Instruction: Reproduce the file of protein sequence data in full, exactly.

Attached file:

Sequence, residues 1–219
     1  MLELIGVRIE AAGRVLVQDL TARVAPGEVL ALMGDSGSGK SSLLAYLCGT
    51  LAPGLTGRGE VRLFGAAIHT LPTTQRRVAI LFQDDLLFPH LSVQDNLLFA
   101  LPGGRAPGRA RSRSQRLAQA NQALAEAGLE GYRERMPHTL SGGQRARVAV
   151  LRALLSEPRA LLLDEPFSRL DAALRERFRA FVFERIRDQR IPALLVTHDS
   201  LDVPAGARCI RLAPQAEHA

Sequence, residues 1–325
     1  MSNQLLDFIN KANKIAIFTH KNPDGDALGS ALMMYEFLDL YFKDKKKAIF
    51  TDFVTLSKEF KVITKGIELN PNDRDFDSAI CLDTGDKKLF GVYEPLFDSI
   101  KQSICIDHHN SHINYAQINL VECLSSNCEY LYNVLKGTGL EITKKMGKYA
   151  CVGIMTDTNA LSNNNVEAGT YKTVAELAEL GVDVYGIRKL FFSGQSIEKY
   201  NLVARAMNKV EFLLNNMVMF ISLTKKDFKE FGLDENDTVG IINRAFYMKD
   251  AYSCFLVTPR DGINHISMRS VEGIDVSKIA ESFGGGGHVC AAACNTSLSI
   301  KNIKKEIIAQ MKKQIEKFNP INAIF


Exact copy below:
Sequence, residues 1–219
     1  MLELIGVRIE AAGRVLVQDL TARVAPGEVL ALMGDSGSGK SSLLAYLCGT
    51  LAPGLTGRGE VRLFGAAIHT LPTTQRRVAI LFQDDLLFPH LSVQDNLLFA
   101  LPGGRAPGRA RSRSQRLAQA NQALAEAGLE GYRERMPHTL SGGQRARVAV
   151  LRALLSEPRA LLLDEPFSRL DAALRERFRA FVFERIRDQR IPALLVTHDS
   201  LDVPAGARCI RLAPQAEHA

Sequence, residues 1–325
     1  MSNQLLDFIN KANKIAIFTH KNPDGDALGS ALMMYEFLDL YFKDKKKAIF
    51  TDFVTLSKEF KVITKGIELN PNDRDFDSAI CLDTGDKKLF GVYEPLFDSI
   101  KQSICIDHHN SHINYAQINL VECLSSNCEY LYNVLKGTGL EITKKMGKYA
   151  CVGIMTDTNA LSNNNVEAGT YKTVAELAEL GVDVYGIRKL FFSGQSIEKY
   201  NLVARAMNKV EFLLNNMVMF ISLTKKDFKE FGLDENDTVG IINRAFYMKD
   251  AYSCFLVTPR DGINHISMRS VEGIDVSKIA ESFGGGGHVC AAACNTSLSI
   301  KNIKKEIIAQ MKKQIEKFNP INAIF